Oral hygiene:  Adolescence can be a time of heightened caries activity and periodontal disease due to an increased intake of
cariogenic substances and inattention to oral hygiene procedures.21 Adolescents become more independent and toothbrushing
may become less of a priority. Adolescent patients need encouragement and motivation to brush with fluoridated toothpaste and floss regularly. Discussions regarding oral hygiene can highlight the benefit of the topical effect of fluoride, removal of plaque from tooth surfaces, and also decrease halitosis and improve esthetics.8,31


  1. Adolescents should be educated and motivated to maintain personal oral hygiene through daily plaque removal, including flossing, with the frequency and technique based on the individual’s disease pattern and oral hygiene needs.31
  2. Professional removal of plaque and calculus is recommended highly for the adolescent, with the frequency of such intervention based on the individual’s assessed risk for caries/periodontal disease as determined by the patient’s dental provider.31,32

Diet management:  Many adolescents are exposed to and consume high quantities of refined carbohydrates and acid-containing beverages in the form of soda, high-energy sports drinks, and junk food and with introduction of coffee.8,22,23,25,33 The adolescent can benefit from diet analysis and modification.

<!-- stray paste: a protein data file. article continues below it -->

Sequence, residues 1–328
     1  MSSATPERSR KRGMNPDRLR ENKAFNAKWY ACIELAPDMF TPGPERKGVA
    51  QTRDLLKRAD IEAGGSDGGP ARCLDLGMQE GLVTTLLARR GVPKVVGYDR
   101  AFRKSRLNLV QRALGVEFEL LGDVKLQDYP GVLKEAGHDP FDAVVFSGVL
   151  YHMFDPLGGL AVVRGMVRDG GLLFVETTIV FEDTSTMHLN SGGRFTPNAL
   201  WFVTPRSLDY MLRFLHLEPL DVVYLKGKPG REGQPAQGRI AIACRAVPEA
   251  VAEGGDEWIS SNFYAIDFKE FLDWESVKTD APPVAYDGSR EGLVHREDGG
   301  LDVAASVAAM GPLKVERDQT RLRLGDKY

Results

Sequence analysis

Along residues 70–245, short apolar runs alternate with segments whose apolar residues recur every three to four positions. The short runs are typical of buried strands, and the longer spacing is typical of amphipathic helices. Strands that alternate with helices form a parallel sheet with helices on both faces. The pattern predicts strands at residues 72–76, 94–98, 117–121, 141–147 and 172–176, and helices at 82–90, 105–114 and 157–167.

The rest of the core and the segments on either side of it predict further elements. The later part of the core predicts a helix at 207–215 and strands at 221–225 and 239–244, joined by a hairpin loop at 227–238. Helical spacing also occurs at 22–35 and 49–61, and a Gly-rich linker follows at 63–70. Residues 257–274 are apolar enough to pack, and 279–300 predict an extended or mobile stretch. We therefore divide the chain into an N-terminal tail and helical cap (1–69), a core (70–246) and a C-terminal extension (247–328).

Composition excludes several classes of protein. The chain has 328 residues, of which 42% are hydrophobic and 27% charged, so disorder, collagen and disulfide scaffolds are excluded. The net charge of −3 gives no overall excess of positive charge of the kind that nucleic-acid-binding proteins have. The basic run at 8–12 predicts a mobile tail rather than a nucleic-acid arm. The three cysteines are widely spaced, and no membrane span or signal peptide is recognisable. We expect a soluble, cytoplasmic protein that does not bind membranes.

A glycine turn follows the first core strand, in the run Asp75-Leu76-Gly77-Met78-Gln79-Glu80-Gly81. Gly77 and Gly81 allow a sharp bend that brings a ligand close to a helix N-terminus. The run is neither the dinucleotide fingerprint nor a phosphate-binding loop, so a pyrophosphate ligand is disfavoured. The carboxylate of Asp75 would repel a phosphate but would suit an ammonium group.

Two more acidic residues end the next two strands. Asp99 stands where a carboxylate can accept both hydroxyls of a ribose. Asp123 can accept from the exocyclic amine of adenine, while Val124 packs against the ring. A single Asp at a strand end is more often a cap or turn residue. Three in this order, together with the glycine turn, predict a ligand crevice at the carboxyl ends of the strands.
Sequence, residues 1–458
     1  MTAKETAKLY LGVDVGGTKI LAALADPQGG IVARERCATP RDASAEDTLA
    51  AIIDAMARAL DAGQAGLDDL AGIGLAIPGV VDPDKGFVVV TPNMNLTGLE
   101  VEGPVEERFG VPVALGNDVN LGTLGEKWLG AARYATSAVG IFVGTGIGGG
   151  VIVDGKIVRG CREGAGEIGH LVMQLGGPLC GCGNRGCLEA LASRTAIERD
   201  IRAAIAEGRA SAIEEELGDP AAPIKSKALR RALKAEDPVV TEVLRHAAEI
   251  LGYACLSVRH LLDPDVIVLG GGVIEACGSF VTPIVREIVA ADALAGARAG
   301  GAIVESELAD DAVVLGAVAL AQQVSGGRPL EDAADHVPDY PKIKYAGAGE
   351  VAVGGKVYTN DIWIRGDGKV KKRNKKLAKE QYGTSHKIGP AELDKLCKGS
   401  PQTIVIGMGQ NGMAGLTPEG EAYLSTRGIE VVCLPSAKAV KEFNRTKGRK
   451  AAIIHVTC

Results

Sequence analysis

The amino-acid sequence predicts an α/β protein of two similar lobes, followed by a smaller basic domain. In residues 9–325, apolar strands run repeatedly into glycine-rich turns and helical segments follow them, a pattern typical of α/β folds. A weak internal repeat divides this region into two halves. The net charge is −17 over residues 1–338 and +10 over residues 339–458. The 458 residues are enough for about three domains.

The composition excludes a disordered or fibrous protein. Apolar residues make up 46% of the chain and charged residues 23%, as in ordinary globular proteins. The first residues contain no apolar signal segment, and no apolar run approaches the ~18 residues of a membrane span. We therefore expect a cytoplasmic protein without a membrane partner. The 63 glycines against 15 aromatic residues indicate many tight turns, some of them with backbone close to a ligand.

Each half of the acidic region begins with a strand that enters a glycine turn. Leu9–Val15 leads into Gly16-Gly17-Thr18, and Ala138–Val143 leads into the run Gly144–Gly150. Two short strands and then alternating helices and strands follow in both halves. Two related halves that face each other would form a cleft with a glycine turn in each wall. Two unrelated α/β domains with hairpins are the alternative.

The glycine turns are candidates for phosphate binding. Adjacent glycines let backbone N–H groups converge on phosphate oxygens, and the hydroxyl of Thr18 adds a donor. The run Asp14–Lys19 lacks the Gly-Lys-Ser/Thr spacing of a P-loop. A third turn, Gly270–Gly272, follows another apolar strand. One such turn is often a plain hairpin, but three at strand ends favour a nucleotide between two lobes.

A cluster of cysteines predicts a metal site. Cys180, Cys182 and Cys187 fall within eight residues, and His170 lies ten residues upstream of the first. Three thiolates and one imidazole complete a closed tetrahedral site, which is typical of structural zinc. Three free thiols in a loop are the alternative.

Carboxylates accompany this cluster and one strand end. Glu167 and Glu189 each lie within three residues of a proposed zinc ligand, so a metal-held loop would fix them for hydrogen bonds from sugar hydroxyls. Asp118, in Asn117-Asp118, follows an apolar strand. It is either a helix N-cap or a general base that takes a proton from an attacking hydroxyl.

Recommendations:  Diet analysis, along with professionally-determined recommendations for maximal general and dental health, should be part of an adolescent’s dental health management.34

Sealants:  Sealant placement is an effective caries-preventive technique that should be considered on an individual basis. Sealants have been recommended for any tooth, primary or permanent, that is judged to be at risk for pit and fissure caries.7,23,36-38  Caries risk may increase due to changes in patient habits, oral microflora, or physical condition, and unsealed teeth subsequently might benefit from sealant applications.37

Recommendations:  Adolescents at risk for caries should have sealants placed. An individual’s caries risk may change over time; periodic reassessment for sealant need is indicated throughout adolescence.37

Secondary prevention
Professional preventive care:
  Professional preventive dental care, on a routine basis, may prevent oral disease or disclose existing disease in its early stages. The adolescent patient whose oral health has not been monitored routinely by a dentist may have advanced caries, periodontal disease, or other oral involvement urgently in need of professional evaluation and extensive treatment.


  1. Timing of periodic oral examinations should take into consideration the individual’s needs and risk indicators to determine the most cost-effective, disease-preventive benefit to the adolescent.30
  2. Initial and periodic radiographic examination should be a part of a clinical evaluation. The type, number, and frequency of radiographs should be determined only after an oral examination and history taking. Previously exposed radiographs should be available, whenever possible, for comparison. Currently accepted recommendations for radiographic exposures (i.e., appropriate films based upon medical history, caries risk, history of periodontal disease, and growth and development assessments) should be followed.38